• Loblaws item substitution is limited on online orders, particularly on meat, fish and poultry
    • No substitute was offered for the "unavailable" fresh turkey I ordered. However, in-store they had a variety of fresh chickens.
    • They offered no substitute for the "unavailable" pork tenderloins, yet they had multiple pork loin roasts in-store available at $1.99/lb

Suggestions

If you are not "vulnerable" to infection, consider leaving online grocery shopping in the major grocery stores to the vulnerable who need home delivery and do in-store shopping once a week or more

Beware the potentially higher costs and no better order/delivery reliability than the store service for the independent delivery services

If you are buying for more than just your immediate family, explore other online/phone food sources. There are increasing options for pick-up and delivery for large orders for comparable cost and higher reliability [coming article "Food Source Options in Kanata"].

In-Store Shopping - Improving each Week

The first week or so after the official "Stay Home" message, in-store shopping was crowded, plus grocery stores and shoppers were not practicing safe distancing or sanitation.

For most of the major grocery chains, that has improved substantially. This includes:

  • Limiting the number of consumers in the store at the same time, with lines with distance markings of 2 m
  • In-store distancing marks when lining up for checkout
  • Wipe down of self-serve checkout regularly
  • Disinfecting carts for you or providing do-it-yourself disinfecting
  • One way arrows, particularly in narrow sections
  • Shields between you and the cashier

We've also tried different times of the day/week. It's relatively easy to find times where there are short wait times and responsible consumers in the store. Some recent examples:

  • Sunday about 3 pm
  • Monday through Wednesday, particularly from 6:30 pm to 8 pm

Then there are times which will be predictably busy, such as:

  • 11:20 am any day
  • 4 pm this past Friday, where the line went from 20 to 50 people in minutes

While there appeared to be "non-vulnerable" people using the "seniors and vulnerable" hour before general opening initially, we're hearing that has improved substantially.

 Suggestions

  • Go when you know the store will be relatively empty. There are now store wait time tools such as COVID-19 - Supermarket Waiting Times, which does cover Ottawa & Kanata
  • Stay away from the largest stores. for example:
    • On April 21, 2020, @ 3 pm, the Walmart on Fernbank in Kanata/Stittsville had a 35-minute wait, while Loblaws Centrum had a 10-minute wait time
  • If you are uncomfortable with relying on physical distancing and washing hands, use a face mask, gloves and disinfectant wipes (take in a ziplock) and know how to use them
  • If you find the store or the consumer behaviour in-store is not safe for you, then leave your basket/cart and walk out

Other useful links

<online order/pickup/delivery options>

<stores and hours page>

This page has been created to be a resource for Facebook Groups or any other Social Media to provide a single location for daily updates, key web links and files on COVID-19 that doesn't get lost in the deluge of postings.

This resource has been created for the Beaverbrook Community, but as we live in Kanata North, within Ottawa, it covers information relevant across Ottawa.

If you see something that is incorrect, or missing, please let us know - This email address is being protected from spambots. You need JavaScript enabled to view it.

NEW

  • Mar 30
    • Neighbours Helping Neighbours - reaching those who need help

Daily Updates

Web Links

- Government of Canada

> Travel Advisories

> COVID-19 - Being prepared

> Self Assessment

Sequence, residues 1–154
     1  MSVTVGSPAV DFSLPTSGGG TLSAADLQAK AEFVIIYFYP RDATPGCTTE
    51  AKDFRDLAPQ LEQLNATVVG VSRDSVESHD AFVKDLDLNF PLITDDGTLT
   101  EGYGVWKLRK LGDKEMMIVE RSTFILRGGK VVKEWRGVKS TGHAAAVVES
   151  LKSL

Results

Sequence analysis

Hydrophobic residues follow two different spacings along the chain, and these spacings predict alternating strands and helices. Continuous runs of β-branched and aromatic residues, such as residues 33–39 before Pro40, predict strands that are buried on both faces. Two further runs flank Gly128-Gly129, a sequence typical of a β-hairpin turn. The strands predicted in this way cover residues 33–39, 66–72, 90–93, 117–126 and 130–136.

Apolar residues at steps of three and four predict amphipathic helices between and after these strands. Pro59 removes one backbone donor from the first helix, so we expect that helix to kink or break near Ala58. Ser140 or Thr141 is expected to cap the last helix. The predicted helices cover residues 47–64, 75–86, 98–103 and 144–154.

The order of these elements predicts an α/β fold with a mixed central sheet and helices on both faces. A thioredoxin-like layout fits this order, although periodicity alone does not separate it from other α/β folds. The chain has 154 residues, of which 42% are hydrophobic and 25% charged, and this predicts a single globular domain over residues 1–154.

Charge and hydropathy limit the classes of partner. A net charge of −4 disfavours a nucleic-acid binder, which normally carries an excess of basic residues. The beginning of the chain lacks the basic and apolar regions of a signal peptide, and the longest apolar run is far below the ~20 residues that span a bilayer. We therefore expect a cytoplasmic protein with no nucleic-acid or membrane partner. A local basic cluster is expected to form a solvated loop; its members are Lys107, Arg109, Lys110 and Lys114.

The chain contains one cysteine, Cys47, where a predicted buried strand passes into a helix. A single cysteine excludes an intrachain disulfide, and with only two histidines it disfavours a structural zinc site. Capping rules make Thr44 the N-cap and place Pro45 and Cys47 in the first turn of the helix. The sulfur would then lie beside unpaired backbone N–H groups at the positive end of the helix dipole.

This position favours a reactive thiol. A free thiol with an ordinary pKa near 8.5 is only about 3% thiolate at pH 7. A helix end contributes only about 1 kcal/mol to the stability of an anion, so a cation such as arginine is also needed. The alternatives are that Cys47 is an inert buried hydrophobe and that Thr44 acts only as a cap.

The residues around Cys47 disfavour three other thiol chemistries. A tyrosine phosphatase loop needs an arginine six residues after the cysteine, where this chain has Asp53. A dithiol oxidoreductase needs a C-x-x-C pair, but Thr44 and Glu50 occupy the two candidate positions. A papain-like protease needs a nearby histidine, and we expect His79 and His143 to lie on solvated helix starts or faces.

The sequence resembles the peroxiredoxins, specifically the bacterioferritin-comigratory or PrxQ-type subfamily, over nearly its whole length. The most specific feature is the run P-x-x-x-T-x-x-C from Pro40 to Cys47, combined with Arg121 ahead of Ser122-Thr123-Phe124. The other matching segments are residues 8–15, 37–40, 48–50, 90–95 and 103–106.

- Ontario Government Public Health

- Ottawa Public Health

- Jenna Sudds (Kanata North Councillor)

> Daily Updates

> Key Contacts

> Volunteer/Need Help

 - COVID-19 Information

> WHO (World Health Organization) LINK

* Use of drugs to control fever (e.g. Ibuprofin)

> Medical Journals with COVID-19 content (no paywalls)

* The Lancet

* Journal of the American Medical Association

* New England Journal of Medicine

* British Medical Journal

* Annuls of Internal Medicine

* Canadian Medical Association Journal

> Other Resource pages

UK Coronavirus Handbook - Open Data/Source UK Resource page

 - Financial Information

> Personal

* Fed/Prov Personal Financial Support 27 Mar 2020

* Income cut off? Here's how to access the aid you need

* Summary of EI Changes due to COVID-19

* EI Application Quick Reference Guide

* Canada - Economic Response Plan

> Business

Canada Business App - smartphone app with detailed info for small business owners

 - COVID-19 Data and Analytics

> Maps and Visuals

* Univ of Minnesota - Centre for Infectious Disease Research and Policy

* Financial Times (UK) - COVID-19 Analysis

* COVID-19 Canadian Outbreak Tracker

File Resources

  • COVID-19 Notices you can post on your door LINK
  • Door Hanger/Postcard to ask Neighbours if they need help LINK
  • Guidelines for how you can stop COVID-19 Transmission in your community LINK
  • Food and Pharmacy Online Ordering, Pickup and Delivery options - Kanata/Ottawa LINK
  • Champlain Health list of local grocery stores that deliver LINK

How You Can Help

Organizations looking for Volunteers

Donations

  • Food Banks - the immediate need is high and will only increase in coming weeks. Donating money is preferred as the Food Banks deal with Food Wholesalers at a substantial discount and the Banks can order exactly what they need.

Give Blood

Unfortunately, despite Blood Services Canada being VERY aware of COVID-19 and sanitation procedures, many regular blood donors are cancelling appointments. This is creating blood shortages which are becoming critical. So sign and give blood.

To donate immediately, sign up to donate at the Canadian Blood Services Donor Centre - 1575 Carling as they have daily appointments available.

Help Local Businesses & Employees

The impact on local business, particularly hotels, restaurants, pubs - anywhere where groups of people go - complete shutdown. If we don't support them, they won't be here after the crisis is over.

How can I help?

  • Buy local
  • Order online from grocers for pick up - avoids crowded food stores and ensures the store "pickers" are fully employed. This is the future of grocery shopping - so now is the time to get with the program. Food and Pharmacy Online Ordering, Pickup and Delivery options - Kanata/Ottawa
  • Invest in your favorite local business - If you don't need to buy now, buy a gift card for future use.The Kanata North BIA has set up a Shopify Site, which is open to local Kanata North Businesses to provide gift cards

Kanata North Buy Local Shopify Site